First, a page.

Words and interview
What kind of bird are you? If you’re still unsure, you shouldn’t be. You’ve had a full decade to answer this unassumingly deep question posed by Jared Gilman’s super confident cub scout Sam in Wes Anderson’s 2012 film, Moonrise Kingdom.
We’ll give you a pass if you don’t have an answer though because perhaps it’s an evolving thing. In fact, as time goes on, even the guy who asked it isn’t so sure. “It feels like a different life or something,” the now 23-year-old Gilman laughs. “We shot it almost 11 years ago – that’s almost half my lifetime. It’s very surreal to watch it now,” he admits. “I get flooded with flashbacks.”
Gilman was just 12 and being chauffeured around from audition to audition by his mum when he landed on Anderson’s radar. Unbeknownst to him, the director of Bottle Rocket, Rushmore and The Royal Tenenbaums had lined-up another personal tale for his next feature. This time, it was a gentle coming-of-age adventure about a young orphan boy who falls in love with a New Penzance islander named Suzy (Kara Hayward).
Following an intense pen-pal romance, they decide to make it official and elope, angering Suzy’s dowdy parents (Bill Murray and Frances McDormand) and attracting the unwanted attention of Tilda Swinton’s sinister Social Services. As they try to live out their François Truffaut-esque fantasy, the island’s inhabitants rally to hunt them down, led by Bruce Willis’ kindly Captain Sharp, Edward Norton’s nice-yet-clueless Scout Master Ward and a troop of fellow scouts.
“The first time I met Wes was my first callback for the part,” recalls Gilman. “I obviously had no point of reference for directors, I just remember it was very surreal and exciting. I had no idea if I’d ever get the part but just getting a chance to meet an actual director was incredible enough. I wouldn’t say I was confident, it was more assurance. I was nervous to an extent, but it was a fun nervousness. It was like, ‘This is what I want to be doing in my life and I’m getting an opportunity to do it really soon.’”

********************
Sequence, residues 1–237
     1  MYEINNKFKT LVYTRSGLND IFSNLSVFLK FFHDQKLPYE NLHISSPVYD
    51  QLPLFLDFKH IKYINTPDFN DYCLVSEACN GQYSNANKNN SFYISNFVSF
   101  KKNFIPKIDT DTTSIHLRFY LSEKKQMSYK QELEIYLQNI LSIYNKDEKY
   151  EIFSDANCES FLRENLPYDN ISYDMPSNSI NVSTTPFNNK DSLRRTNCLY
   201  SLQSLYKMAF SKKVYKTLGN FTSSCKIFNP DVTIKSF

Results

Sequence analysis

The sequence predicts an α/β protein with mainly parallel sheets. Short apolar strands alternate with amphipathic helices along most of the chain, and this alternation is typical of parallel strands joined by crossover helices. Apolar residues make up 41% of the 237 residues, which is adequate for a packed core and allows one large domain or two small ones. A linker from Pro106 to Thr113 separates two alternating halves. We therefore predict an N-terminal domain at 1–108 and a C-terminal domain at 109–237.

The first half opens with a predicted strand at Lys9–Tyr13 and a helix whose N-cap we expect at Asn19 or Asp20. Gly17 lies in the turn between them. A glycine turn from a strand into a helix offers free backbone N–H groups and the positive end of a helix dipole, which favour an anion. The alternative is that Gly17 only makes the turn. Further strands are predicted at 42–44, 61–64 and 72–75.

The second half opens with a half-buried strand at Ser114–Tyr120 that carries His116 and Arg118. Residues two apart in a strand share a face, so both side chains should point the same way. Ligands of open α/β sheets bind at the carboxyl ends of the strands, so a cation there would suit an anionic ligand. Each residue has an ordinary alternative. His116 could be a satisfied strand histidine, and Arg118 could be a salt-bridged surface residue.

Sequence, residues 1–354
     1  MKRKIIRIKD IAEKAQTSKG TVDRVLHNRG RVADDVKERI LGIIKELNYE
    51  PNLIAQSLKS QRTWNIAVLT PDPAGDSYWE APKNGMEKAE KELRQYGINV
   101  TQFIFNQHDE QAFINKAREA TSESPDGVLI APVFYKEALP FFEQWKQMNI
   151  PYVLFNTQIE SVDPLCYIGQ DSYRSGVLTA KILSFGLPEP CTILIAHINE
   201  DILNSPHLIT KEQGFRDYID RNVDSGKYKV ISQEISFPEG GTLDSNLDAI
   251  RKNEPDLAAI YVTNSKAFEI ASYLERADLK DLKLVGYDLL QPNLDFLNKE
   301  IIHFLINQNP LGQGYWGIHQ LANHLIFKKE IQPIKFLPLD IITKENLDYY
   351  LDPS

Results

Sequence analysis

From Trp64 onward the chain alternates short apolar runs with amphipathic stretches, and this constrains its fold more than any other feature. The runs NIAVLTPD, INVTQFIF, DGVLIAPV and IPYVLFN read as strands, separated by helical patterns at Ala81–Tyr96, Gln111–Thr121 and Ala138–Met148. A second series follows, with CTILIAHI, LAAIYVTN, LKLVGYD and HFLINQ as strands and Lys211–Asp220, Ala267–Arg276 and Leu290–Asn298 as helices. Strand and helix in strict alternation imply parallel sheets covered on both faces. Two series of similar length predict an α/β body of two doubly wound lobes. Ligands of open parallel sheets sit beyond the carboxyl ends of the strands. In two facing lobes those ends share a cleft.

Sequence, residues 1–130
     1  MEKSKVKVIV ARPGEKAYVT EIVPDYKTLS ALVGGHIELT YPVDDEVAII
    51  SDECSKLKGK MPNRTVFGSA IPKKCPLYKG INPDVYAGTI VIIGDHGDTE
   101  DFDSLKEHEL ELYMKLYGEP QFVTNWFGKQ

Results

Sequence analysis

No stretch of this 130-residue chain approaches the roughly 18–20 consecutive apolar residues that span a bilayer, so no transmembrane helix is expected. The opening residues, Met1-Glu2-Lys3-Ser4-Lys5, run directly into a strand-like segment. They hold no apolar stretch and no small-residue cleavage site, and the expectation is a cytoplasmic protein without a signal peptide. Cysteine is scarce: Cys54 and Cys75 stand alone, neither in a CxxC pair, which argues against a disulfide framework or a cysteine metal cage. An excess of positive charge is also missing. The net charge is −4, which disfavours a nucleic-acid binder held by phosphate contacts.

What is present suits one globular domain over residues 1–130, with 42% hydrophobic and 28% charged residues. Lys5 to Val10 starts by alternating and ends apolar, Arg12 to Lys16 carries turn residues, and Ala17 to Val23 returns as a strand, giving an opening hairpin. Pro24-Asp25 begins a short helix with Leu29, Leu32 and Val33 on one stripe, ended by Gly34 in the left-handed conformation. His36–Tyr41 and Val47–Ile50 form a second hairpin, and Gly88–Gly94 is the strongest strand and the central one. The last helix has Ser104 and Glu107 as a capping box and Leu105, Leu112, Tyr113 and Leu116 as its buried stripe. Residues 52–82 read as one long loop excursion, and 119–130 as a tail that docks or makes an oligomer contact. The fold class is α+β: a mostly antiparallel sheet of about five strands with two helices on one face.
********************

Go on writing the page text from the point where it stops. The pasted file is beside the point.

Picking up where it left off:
After bagging the part (according to Gilman’s mum, who saw an interview with Anderson after the film debuted, it may have had something to do with his look: “Wes pointed out the glasses and the hair as something that stuck out to him,”) Gilman’s next task was to become acquainted with his on-screen girlfriend. “We got along pretty well,” he says of his first meeting with Kara Hayward. “The reality of shooting a movie when you’re a kid is that you’re also in school a lot so when we weren’t doing scenes, for the most part we were doing classwork.”
However, when they weren’t studying, the pair had a fair amount of romantic moments to film – no doubt a challenge for any actor, let alone those who are yet to hit adulthood. “The dance scene on the beach, that was the last thing Kara and I filmed,” says Gilman, “and that was intentional because Wes wanted the two of us to feel very comfortable with each other. It was a closed set. In the script, it said, ‘Sam does something vaguely like the twist’. I remember we went into this little house the production was using and did a rehearsal. Wes directed me a little bit, but there are certain dance moves that were all me.”
As for walking the delicate tightrope of showing physical intimacy between sam and Suzie, Gilman explains: “Wes was aware we were kids having to do those scenes. There was a moment midway through production – I think it was when Sam and Suzie are getting married – where Wes took us into the church tent and was like, ‘How about you guys try hugging to break the ice a little bit?’. We hugged and were like, ‘Alright, that was okay.’”
How does it feel revisiting those tender sequences as a young adult? “I guess when I’m watching those scenes, I’m just in the moment for the most part,” reasons Gilman, before revealing that he “did get ribbed a little bit by friends and stuff after, but that’s just what happens when you’re a kid.”
When the pair weren’t sharing scenes together, they were learning first-hand from some of the best actors in the business. “Working with the cast was extremely surreal,” says Gilman. “I’d grown up watching a bunch of Bill Murray movies, and when I got cast my parents made sure I watched Die Hard. Bill taught me how to tie a tie at one point and Jason Schwartzman was just super nice. Working with Tilda was fun because I had gone to see her in the Narnia film for my seventh birthday. I didn’t tell her that though.”
Moonrise Kingdom remains one of Anderson’s sweetest films, and for Gilman, the experience of making it evokes a special kind of nostalgia. “It’s impact really hit me when Halloween rolled around and there were lots of people dressing up as Sam and Suzy; it became a minor cliché,” he laughs. “But ultimately, it’s because it was a movie that, for lots of people, was instrumental in one way or another. It’s something I can look back on and say, ‘Yeah, that was an instrumental movie for me, too.’”
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